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Wayne Rossi posits here about the reasons for the popularity of Basic Fantasy RPG. When you read the roll20 report he links to, you see that it beats out Swords & Wizardry and Labyrinth Lord by a wide margin. Now, I’m not sure of the exact reasons for BFRPG’s success on roll20 compared to the other games, but I suspect it has to do with primarily three things:BFRPG

  1. The open-source nature of the BFRPG rules – everything is free (as in cost and as in speech), including the source documents. Wayne mentions this and I think it is spot-on.
  2. The active involvement of the game creator, and, failing that, the involvement of the community members.
  3. Having a central source for releases, supplements, adventures and community discussion.

Point 2, above, is tied inexorably to point 1. Chris Gonnerman (the creator and maintainer of BFRPG) is technically savvy and clearly familiar with the open source software development model, and he has used it to great success. But, if he were to disappear one day, or maybe even just cut back his involvement, everything is there for the community to take over. This is not the case with most other RPGs, including Labyrinth Lord and Swords & Wizardry. In my opinion, both games have suffered recently due to the lack of creator involvement in their respective gaming communities, and it is difficult or impossible for community members to step up in their absence.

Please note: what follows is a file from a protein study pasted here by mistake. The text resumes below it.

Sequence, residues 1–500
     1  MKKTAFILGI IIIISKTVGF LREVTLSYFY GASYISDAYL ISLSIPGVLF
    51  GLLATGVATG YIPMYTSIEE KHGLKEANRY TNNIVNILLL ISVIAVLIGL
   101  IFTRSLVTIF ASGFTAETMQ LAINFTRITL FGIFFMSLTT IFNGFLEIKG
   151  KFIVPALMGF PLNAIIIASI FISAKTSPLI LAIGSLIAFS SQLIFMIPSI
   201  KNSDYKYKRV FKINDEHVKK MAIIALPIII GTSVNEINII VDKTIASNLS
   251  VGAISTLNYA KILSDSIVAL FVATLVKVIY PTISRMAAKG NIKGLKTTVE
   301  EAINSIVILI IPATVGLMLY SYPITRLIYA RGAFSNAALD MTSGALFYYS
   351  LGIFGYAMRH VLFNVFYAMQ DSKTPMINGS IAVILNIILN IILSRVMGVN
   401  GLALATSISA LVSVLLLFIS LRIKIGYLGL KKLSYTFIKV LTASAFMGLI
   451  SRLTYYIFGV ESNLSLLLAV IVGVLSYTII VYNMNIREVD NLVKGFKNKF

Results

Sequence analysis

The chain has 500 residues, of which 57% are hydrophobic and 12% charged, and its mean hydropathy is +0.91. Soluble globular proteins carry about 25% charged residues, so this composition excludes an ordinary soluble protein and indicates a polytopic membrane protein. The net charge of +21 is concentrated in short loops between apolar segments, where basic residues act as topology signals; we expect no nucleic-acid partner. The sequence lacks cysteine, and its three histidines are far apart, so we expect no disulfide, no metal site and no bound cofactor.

S&W White Box

Point 3, a central project and community hub, is always found in open source software projects, and it should be there for RPGs as well. I think it is key to a project’s success. It doesn’t currently exist in active form for Labyrinth Lord and Swords & Wizardry, which both suffer from the G+ walled garden, as well as lack of maintenance for the project sites and forums that do exist. Point 3 also helps when potential players are doing information gathering – what good is a dead forum that is listed in the first page of search results? What good is all that discussion on G+ if it is not indexed by Google’s public search? Note that I’m not disparaging the creators of Labyrinth Lord or Swords & Wizardry, merely making observations on the current state of affairs.  I am quite grateful to both Matt Finch and Daniel Proctor for the time they invested in their respective projects, and for the many hours of fun their games have given me (the free content here, as well as the S&W forum I run, are my small contributions back).

Labyrinth LordYou can see that Amazon is not on my list. The low cost of the print releases  and having them available on Amazon may be a factor in BFRPG’s relative success, but I’m not sure it is as big as Wayne thinks. The electronic versions of the BFRPG rules, adventures and supplements are all free to download and distribute. My guess is that many people use PDFs on tablets now when playing, particularly on roll20 (I’m speaking from my own roll20 experience here, and others I know who play there). And the free PDFs of the rules and many free adventures are available for Labyrinth Lord and Swords and Wizardry also. So that part of this seems to be equal as far as the three games are concerned.